Parents have been left outraged after a  council proposal plans to scrap bus transportation for high school pupils across South Lanarkshire, which has been branded 'deplorable'. 

The free buses currently transport pupils living within a two to three-mile radius to and from school. But under the new directive, buses will only transport students living three or more miles from their catchment school.

This means pupils all over the council area will miss out on a free and more importantly safe way to travel to school. 

Glasgow Times:

Glasgow Times:

The same proposal was put forward in around 2015 and 2016, but the council eventually backtracked due to significant backlash. 

And now, the fight is back on. 

Parents from Drumsagard spoke to the Glasgow Times, as their children who attend Cathkin, Trinity, Stonelaw and Uddingston High School are set to be impacted. 

Glasgow Times:

Gaynor Sherlock, who has been the driving force behind the movement said: “It is absolutely disgusting, and it has angered and upset all of us."

Parent Andrea Brownhill added: “We want to overthrow this. 

“The council are clearly trying to find money from somewhere, but they are doing it at the detriment of our children. It’s disgusting.” 

According to Andrea and Gaynor, if the proposal comes into force, it will mean that youngsters will be subjected to walking up to six miles per day (in all weather conditions and darkness) to get to and from school. This will result in a commute of around two hours. 

Glasgow Times:

In a bid to ensure the six-mile walk will be okay for youngsters, the council have suggested safe walking routes which parents have said include unlit and unpaved streets and parks, as well as run-ins with heavy traffic flow, ditches, and a riverbank. 

Gaynor said: “The council have said that parents who don’t have a car and can’t drive their kids to school will have to accompany them on their walk.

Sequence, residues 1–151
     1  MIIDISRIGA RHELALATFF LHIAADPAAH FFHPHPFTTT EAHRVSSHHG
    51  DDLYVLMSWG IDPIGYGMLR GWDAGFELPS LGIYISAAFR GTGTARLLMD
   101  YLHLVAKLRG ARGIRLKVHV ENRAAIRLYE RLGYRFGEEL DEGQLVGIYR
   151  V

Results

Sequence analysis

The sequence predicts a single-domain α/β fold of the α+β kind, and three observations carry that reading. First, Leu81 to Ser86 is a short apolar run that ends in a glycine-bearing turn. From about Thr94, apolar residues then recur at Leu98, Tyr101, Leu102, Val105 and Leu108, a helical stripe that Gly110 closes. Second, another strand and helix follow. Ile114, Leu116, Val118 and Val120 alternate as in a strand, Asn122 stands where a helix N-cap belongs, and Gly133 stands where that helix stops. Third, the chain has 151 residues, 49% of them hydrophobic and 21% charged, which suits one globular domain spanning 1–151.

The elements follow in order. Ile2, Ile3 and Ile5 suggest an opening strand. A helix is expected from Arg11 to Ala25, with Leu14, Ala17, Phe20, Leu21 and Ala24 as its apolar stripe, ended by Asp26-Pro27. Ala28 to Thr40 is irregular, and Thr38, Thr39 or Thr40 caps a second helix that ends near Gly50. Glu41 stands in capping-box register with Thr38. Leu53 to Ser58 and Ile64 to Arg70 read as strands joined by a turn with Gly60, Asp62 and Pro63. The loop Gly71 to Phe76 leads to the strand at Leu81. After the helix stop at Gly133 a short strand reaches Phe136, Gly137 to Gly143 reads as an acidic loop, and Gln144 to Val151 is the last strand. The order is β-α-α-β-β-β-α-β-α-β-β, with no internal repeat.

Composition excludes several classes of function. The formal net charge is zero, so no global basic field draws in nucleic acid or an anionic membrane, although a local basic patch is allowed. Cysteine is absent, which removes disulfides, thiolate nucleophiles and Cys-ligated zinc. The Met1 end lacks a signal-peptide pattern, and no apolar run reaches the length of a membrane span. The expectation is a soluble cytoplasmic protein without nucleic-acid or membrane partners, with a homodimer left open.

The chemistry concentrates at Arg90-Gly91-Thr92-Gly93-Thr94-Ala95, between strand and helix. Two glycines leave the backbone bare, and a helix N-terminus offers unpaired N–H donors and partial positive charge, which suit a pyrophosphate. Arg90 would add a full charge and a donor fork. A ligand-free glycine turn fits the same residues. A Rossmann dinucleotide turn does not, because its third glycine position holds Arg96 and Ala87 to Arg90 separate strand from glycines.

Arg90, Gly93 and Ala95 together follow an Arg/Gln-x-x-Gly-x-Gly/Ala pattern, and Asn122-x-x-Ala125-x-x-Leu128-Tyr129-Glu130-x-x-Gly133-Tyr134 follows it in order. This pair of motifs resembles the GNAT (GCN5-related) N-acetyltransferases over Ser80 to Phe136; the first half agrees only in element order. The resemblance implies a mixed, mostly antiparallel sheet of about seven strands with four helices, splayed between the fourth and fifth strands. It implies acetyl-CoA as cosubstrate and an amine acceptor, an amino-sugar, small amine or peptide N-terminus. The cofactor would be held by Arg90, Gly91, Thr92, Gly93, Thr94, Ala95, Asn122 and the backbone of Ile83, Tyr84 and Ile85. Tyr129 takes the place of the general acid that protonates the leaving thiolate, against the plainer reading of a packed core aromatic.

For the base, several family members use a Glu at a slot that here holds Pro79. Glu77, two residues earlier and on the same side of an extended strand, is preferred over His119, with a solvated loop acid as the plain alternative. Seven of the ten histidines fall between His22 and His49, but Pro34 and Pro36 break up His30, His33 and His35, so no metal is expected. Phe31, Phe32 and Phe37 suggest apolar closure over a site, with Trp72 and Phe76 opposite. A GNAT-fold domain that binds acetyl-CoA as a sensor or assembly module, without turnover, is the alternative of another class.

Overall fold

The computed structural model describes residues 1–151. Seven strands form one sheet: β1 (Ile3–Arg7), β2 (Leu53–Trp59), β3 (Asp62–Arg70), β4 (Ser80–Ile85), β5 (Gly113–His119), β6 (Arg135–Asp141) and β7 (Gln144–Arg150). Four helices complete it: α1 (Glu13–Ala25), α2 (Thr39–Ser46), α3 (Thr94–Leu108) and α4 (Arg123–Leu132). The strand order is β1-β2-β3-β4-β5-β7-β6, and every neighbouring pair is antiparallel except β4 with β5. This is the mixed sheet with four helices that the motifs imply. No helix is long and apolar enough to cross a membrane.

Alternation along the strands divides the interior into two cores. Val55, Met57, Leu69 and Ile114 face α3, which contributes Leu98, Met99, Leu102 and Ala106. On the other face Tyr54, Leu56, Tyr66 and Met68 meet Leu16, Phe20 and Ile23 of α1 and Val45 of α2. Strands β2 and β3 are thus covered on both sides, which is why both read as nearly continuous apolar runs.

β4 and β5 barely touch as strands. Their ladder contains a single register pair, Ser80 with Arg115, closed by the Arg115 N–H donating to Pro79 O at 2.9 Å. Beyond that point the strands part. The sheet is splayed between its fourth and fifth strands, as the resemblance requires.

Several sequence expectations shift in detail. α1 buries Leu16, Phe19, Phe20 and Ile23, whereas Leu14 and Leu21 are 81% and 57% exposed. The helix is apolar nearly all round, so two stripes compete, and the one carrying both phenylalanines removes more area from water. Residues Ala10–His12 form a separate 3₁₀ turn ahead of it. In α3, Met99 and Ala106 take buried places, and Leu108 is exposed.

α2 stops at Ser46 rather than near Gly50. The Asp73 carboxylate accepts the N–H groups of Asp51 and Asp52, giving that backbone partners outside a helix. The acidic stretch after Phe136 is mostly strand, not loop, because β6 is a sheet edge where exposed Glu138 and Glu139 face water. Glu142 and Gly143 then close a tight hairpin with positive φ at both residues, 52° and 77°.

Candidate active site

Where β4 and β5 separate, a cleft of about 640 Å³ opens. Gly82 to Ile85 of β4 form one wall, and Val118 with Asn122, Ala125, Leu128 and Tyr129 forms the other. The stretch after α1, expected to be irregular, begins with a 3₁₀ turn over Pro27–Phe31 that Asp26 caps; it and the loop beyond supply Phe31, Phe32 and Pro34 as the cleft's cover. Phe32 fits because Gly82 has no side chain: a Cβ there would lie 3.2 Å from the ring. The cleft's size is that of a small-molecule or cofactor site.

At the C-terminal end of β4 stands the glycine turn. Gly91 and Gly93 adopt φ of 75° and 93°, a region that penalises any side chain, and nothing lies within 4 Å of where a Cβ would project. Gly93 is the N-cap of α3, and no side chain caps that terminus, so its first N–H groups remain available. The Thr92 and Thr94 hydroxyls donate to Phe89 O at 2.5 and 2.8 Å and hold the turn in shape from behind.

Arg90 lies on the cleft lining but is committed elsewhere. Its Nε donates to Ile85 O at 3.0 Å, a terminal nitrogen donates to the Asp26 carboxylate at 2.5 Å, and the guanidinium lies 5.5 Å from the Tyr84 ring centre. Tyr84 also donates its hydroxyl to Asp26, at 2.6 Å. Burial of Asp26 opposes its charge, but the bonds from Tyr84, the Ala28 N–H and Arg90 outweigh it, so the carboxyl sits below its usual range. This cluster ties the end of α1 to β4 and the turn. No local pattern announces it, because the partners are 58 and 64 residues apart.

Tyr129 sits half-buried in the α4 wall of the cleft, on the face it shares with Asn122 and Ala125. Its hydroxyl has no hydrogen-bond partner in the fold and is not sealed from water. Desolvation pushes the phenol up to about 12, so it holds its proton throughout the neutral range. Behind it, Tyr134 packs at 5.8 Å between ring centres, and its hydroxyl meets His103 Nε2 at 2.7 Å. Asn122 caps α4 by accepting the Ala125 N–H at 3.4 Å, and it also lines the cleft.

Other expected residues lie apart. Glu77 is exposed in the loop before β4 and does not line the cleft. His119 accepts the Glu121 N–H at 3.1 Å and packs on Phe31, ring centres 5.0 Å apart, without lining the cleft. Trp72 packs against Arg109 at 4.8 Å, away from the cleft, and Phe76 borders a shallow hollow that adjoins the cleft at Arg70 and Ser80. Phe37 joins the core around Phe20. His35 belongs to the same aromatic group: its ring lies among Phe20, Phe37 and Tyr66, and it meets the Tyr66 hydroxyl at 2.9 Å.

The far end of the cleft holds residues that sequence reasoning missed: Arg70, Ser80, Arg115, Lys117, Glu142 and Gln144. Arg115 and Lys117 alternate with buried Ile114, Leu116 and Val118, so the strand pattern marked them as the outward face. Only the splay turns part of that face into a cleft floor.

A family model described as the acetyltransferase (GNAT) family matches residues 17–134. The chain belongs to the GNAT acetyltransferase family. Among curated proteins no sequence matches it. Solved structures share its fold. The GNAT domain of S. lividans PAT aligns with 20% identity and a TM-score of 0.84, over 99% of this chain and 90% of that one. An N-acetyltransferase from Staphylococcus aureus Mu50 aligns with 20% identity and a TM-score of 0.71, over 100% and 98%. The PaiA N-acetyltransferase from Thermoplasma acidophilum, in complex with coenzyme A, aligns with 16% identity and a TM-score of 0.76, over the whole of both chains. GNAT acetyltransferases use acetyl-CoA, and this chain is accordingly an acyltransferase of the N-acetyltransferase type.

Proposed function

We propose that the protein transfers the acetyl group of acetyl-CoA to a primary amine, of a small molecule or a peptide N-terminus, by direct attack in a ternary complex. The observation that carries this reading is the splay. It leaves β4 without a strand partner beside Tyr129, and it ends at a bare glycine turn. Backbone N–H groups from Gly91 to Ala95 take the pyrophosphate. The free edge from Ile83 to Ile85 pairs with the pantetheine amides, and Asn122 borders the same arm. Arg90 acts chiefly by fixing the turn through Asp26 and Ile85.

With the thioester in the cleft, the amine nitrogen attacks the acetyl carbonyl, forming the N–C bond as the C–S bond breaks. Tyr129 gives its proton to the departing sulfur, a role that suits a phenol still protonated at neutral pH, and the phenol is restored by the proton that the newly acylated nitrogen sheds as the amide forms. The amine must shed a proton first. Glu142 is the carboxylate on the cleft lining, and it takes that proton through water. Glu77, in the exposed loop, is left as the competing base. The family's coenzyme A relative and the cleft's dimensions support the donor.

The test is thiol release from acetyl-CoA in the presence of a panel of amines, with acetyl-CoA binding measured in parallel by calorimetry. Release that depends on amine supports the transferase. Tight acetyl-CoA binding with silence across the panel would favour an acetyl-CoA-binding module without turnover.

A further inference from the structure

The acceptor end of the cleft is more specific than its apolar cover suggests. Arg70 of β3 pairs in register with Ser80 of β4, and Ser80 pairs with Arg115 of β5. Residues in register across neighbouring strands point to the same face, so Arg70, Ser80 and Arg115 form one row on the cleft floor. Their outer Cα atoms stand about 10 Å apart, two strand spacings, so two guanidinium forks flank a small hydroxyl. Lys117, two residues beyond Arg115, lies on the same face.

“What employer is going to let their staff take two hours out of their day to walk their child to and from school? 

“Andrea and I went out to Greenlees Road, which is on these safe walking routes and from 8am until 9am, we counted 1333 vehicles – and they want our children to cross that road?

“There aren’t any lights across that road now and even if they put them up, there is still so much potential for danger.”

Andrea added: “If this goes into effect, our children will be walking over six miles a day to and from school because some may have no other way to get to their classes and there is no direct bus to the surrounding schools either. 

“The council mapped out a safe walking route for kids walking to school and it is through the Halfway and Cambuslang Park – which have unpaved and unlit areas.  

“It’s going to lead to children missing school. I mean, there are just a hundred things so wrong about this. Nothing good is going to come out of it.”

Glasgow Times:

Children can of course be driven to school by their parents, but as Gaynor pointed out, it will increase carbon footprint and Cathkin High School have told parents that they can no longer park or pull up at the gates to drop off their child due to vehicular congestion. 

The group has so far launched a petition and held meetings – which were attended by leading MSPs such as Katy Louden.

Glasgow Times:

Last week 30 adults and three young people as well as councillors attended a consultation with a panel of three SLC members. 

Gaynor said: “During the consultation, we were basically told that the case was still being proposed and our concerns were being noted. 

“We were given the floor to voice our concerns and there was a lot of them. 

“The biggest thing that came out of it which angered a lot of people was that it was clear safety wasn’t a consideration. 

“The council haven’t even walked the safety routes themselves and when a young person stood up and asked the three SLC members if they would let their child walk this route, there were no comments.”

To sign the petition, click HERE

Glasgow Times:

Glasgow Times:

Carole McKenzie, executive director of education resources, said: "The Executive Committee approved a statutory consultation on this matter, which started on January 15 and will run until March 1.

"The options to consider are whether to continue providing the current level of service, or a service that is more in keeping with the rest of Scotland and more in line with our statutory levels of service provision.

"Pressures on the budget for Education, and indeed the wider council budget, mean we have to consider all options. This is a result of severe financial constraints on the service.

"If we do proceed with this proposal, it means that the impact of budget cuts that directly affect pupils' learning and classroom resources can be lessened.

"I understand that this proposal may cause some anxiety as we move forward with the consultation. It is important that everyone's views are listened to, and that is the purpose of the consultation."